Wednesday, October 4, 2006 - 11:00am - 11:50am
Evgeniy Narimanov (Princeton University)
We develop a new approach to negative index materials and
subwavelength imaging in the far field based on
strong anisotropy of the dielectric response. In contrast to
conventional negative refraction systems, our method does not rely on
magnetic resonance and does not require periodic patterning--leading
to lower losses and high tolerance to fabrication defects.
Tuesday, October 3, 2006 - 9:30am - 10:20am
Vladimir Shalaev (Purdue University)
Metamaterials, i.e. artificial engineered structures with properties not available in nature are expected to open a gateway to unprecedented electromagnetic properties and functionality unattainable from naturally occurring materials. Negative-refractive index metamaterials create entirely new prospects for guiding light on the nanoscale, some of which may have revolutionary impact on present-day optical technologies.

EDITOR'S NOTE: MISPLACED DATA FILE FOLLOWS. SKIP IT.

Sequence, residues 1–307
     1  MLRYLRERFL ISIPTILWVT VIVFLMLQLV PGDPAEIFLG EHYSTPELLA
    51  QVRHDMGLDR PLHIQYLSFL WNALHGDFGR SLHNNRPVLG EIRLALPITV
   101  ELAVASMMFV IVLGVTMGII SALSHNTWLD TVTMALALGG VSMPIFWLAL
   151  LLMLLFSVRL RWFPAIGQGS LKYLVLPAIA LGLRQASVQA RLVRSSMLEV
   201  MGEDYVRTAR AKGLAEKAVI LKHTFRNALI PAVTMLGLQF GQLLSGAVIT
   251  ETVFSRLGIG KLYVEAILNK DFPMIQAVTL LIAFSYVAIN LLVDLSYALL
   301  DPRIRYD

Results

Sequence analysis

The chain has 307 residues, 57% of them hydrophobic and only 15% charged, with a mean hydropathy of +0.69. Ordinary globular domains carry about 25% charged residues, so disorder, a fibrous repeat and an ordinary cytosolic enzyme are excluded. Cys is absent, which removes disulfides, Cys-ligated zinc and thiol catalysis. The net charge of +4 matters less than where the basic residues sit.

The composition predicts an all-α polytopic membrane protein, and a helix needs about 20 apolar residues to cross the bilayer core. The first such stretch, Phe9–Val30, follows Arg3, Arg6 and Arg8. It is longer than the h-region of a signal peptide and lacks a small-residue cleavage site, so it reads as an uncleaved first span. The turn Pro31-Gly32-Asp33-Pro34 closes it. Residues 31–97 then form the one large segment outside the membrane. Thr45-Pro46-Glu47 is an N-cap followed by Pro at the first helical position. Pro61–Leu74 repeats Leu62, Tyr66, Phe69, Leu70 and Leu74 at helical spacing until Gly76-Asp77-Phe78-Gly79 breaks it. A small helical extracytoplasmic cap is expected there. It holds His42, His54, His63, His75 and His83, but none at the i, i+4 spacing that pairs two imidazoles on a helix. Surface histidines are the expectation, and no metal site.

Monday, October 2, 2006 - 9:30am - 10:20am
Gennady Shvets (The University of Texas at Austin)
No Abstract
Wednesday, October 4, 2006 - 1:30pm - 2:20pm
Anthony Grbic (University of Michigan)
This talk will describe negative refractive index metamaterials that are
based on transmission-line networks. It will focus on microwave structures
that consist of transmission lines loaded with reactive elements. Both
planar and volumetric negative refractive index metamaterials will be
presented and their operation explained. Finally, ways to push these
transmission-line based structures to optical frequencies using plasmonic
materials will be described.
Friday, September 14, 2012 - 11:30am - 12:00pm
Rajeswari Chandrasekaran (Ford Motor Company)
A brief historical review of various chemistries that have been used in batteries for automotive applications will be provided. This will be followed by an overview of Ford’s electrification strategy and our research and advanced engineering efforts. Next, the material components of lithium-ion cells and modeling of these electrochemical energy storage devices will be discussed. Finally, the challenges in this field and potential opportunities for interdisciplinary research to meet our goals will be highlighted with specific examples from our present collaborations.
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